8. As before, errors are thrown as an MQException and caught via a try/catch block. Unlike before, errors can actually be normal. One "normal" error is No Message Avail able, which simply means that no messages were on the queue to be read. So, we surround the above code in a try { ... } and implement a catch { ... } to evaluate what happened in the event of an error. As before, the MQC:

catch (MQException mqe) {

// report reason, if any if ( mqe.Reason == MQC.MQRC_NO_MSG_AVAILABLE ) {

// special report for normal end tbResult.Text = "No message to read.";

// general report for other reasons tbResult.Text = "MQ returned error: " + mqe.Message;

9. If you test your application at this point, you will see that the returned value shown in the window is wrong; it shows RFH. What happened is that WebSphere put a JMS message in the reply queue and the .NET Classes for MQ do not recognize the JMS message format. The solution is to write your own message formatter using the API and parse the message. Replace and insert the following code after the // create message line in step 4 on page 251.

// create message mqMsg = new MQMessage();// create new message object mqMsg.Format=MQC.MQFMT_RF_HEADER_2; // mqMsg.Encoding = 273; // mqMsg.CharacterSet = 819; //

// great Get Message Options & set them mqGetMsgOpts = new MQGetMessageOptions();

mqGetMsgOpts.WaitInterval = 3000; // 3 second limit for waiting

// get the message mqQueue.Get( mqMsg, mqGetMsgOpts );

tbResult.Text+=mqMsg.MessageLength+"\r\n"; String str=mqMsg.ReadString(4); // "RFH " UInt32 ui32=uint_reverse(mqMsg.ReadUInt32()); // version ui32=uint_reverse(mqMsg.ReadUInt32()); // length of header ui32=mqMsg.ReadUInt32(); // encoding ui32=mqMsg.ReadUInt32(); // coded char set str=mqMsg.ReadString(8); // format "MQSTR " ui32=mqMsg.ReadUInt32(); // flags ui32=mqMsg.ReadUInt32Q; // NameValueCCSID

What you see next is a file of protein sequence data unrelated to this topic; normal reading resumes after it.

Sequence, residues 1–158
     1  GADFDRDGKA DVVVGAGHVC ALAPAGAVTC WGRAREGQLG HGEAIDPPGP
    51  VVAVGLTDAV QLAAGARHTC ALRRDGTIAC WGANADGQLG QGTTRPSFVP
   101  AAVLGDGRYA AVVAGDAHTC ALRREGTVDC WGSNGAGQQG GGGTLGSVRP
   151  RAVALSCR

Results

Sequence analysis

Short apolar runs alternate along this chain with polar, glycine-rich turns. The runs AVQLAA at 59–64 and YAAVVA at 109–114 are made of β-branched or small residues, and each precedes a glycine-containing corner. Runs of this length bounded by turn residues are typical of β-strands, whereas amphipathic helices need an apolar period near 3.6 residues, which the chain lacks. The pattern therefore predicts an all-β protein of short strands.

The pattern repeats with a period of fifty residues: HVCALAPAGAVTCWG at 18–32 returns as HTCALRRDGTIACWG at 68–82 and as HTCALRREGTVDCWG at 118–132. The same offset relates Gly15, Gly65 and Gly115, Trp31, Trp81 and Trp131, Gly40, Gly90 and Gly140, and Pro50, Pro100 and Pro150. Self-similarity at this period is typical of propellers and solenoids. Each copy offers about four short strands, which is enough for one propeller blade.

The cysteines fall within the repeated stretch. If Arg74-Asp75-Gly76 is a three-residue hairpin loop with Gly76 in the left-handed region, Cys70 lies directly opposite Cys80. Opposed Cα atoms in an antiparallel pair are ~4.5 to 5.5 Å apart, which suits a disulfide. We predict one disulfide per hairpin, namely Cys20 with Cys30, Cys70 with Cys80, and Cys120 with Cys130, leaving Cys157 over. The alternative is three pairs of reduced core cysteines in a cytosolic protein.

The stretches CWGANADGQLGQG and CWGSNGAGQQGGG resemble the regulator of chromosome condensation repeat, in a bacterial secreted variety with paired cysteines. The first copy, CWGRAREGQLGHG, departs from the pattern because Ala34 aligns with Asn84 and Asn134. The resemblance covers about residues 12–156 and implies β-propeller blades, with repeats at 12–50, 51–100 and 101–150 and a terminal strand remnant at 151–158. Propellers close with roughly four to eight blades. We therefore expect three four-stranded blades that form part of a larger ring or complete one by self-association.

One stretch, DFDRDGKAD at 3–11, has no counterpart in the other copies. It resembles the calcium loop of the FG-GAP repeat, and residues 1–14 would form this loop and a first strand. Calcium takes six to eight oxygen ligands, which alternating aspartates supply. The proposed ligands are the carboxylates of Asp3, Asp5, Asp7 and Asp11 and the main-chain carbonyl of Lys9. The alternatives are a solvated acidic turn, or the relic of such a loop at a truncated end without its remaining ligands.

ui32=uint_reverse(mqMsg.ReadUInt32()); // sNameValueCCSID length str=mqMsg.ReadStri ng((int)ui32) ;

ui32=uint_reverse(mqMsg.ReadUInt32()); // sJMSfolder length str=mqMsg.ReadString((int)ui32) ; // message content str=mqMsg.ReadString(mqMsg.MessageLength); tbResult.Text="Resul ts: "+str+"\r\n";

Once you are done with the client, compile it and it is ready to run.

10.The code in the previous step requires an additional function, insert it somewhere at the top of the code.

private static uint uint_reverse(uint i) { byte[] temp = BitConverter.GetBytes(i); Array.Reverse(temp);

uint returnVal = BitConverter.ToUInt32(temp, 0); return(returnVal);

Sending a JMS message from .NET

If you would like to send a JMS message from the .NET client using the MQ classes for .NET, then you have to generate the message yourself using the MQ classes, just as the sample did when receiving the message. The following sample is a code excerpt for sending a JMS message from .NET.

Example 5-3 Sending JMS message mqMsg = new MQMessage(); // message formating settings mqMsg.Format=MQC.MQFMT_RF_HEADER_2; // mqMsg.Encoding = 273; // mqMsg.CharacterSet = 819; // // message header strings

String sNameValueCCSID="<mcd><Msd>jms_text</Msd></mcd> "; // this has to be nx4 bytes long

String sJMSfolder="<jms><Dst>queue:///default</Dst></jms> "; // this has to be nx4 bytes long ui nt i HeaderLength=(uint)(44+sNameValueCCSID.Length+sJMSfolder.Length);

// assembling the message

UTF8Encoding utf8e=new UTF8Encoding();

mqMsg.WriteBytes(utf8e.GetBytes("RFH ")); // RFH

mqMsg.WriteUInt32(uint_reverse(2)); // version mqMsg.WriteUInt32(uint_reverse(iHeaderLength)); // length of header mqMsg.WriteUInt32(uint_reverse(273)); // encoding mqMsg.WriteUInt32(uint_reverse(1208)); // coded char set ID

mqMsg.Wri teBytes(utf8e.GetBytes("MQSTR ")); //format mqMsg.WriteUInt32(uint_reverse(0)); // flags mqMsg.WriteUInt32(uint_reverse(1208)); // NameValueCCSID (UTF8)

mqMsg.Wri teUInt32(uint_reverse(ui nt_reverse((ui nt)sNameValueCCSID.Length)));

mqMsg.Wri teBytes(utf8e.GetBytes(sNameValueCCSID));

mqMsg.Wri teUInt32(uint_reverse((uint)sJMSfolder.Length));

mqMsg.Wri teBytes(utf8e.GetBytes(sJMSfolder));

// your message content mqMsg.WriteBytes(utf8e.GetBytes("A simple text message from .NET."));

// sending the message mqPutMsgOpts = new MQPutMessageOptions();

mqQueue.Put( mqMsg, mqPutMsgOpts );

} catch (MQException mqe) { // report the error

System.Console.WriteLine( "MQQueue::Put ended with " + mqe.Message );